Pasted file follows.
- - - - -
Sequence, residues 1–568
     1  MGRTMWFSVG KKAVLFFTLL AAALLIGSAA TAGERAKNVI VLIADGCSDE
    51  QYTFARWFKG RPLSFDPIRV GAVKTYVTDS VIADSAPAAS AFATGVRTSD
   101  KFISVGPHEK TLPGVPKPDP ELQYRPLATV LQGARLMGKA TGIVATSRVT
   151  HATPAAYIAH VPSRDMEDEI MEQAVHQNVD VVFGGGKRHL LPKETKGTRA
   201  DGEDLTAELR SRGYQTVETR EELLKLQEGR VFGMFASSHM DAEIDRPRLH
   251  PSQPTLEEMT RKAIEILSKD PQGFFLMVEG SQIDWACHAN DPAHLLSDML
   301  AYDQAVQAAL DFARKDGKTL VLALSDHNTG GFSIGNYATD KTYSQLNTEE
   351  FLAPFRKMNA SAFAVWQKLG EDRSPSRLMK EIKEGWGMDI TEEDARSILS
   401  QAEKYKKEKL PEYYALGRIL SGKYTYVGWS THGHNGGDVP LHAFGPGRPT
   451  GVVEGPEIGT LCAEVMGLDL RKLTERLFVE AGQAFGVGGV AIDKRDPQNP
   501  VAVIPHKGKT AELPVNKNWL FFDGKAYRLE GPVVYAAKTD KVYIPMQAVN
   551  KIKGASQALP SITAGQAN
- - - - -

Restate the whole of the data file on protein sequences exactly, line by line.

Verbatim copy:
Sequence, residues 1–568
     1  MGRTMWFSVG KKAVLFFTLL AAALLIGSAA TAGERAKNVI VLIADGCSDE
    51  QYTFARWFKG RPLSFDPIRV GAVKTYVTDS VIADSAPAAS AFATGVRTSD
   101  KFISVGPHEK TLPGVPKPDP ELQYRPLATV LQGARLMGKA TGIVATSRVT
   151  HATPAAYIAH VPSRDMEDEI MEQAVHQNVD VVFGGGKRHL LPKETKGTRA
   201  DGEDLTAELR SRGYQTVETR EELLKLQEGR VFGMFASSHM DAEIDRPRLH
   251  PSQPTLEEMT RKAIEILSKD PQGFFLMVEG SQIDWACHAN DPAHLLSDML
   301  AYDQAVQAAL DFARKDGKTL VLALSDHNTG GFSIGNYATD KTYSQLNTEE
   351  FLAPFRKMNA SAFAVWQKLG EDRSPSRLMK EIKEGWGMDI TEEDARSILS
   401  QAEKYKKEKL PEYYALGRIL SGKYTYVGWS THGHNGGDVP LHAFGPGRPT
   451  GVVEGPEIGT LCAEVMGLDL RKLTERLFVE AGQAFGVGGV AIDKRDPQNP
   501  VAVIPHKGKT AELPVNKNWL FFDGKAYRLE GPVVYAAKTD KVYIPMQAVN
   551  KIKGASQALP SITAGQAN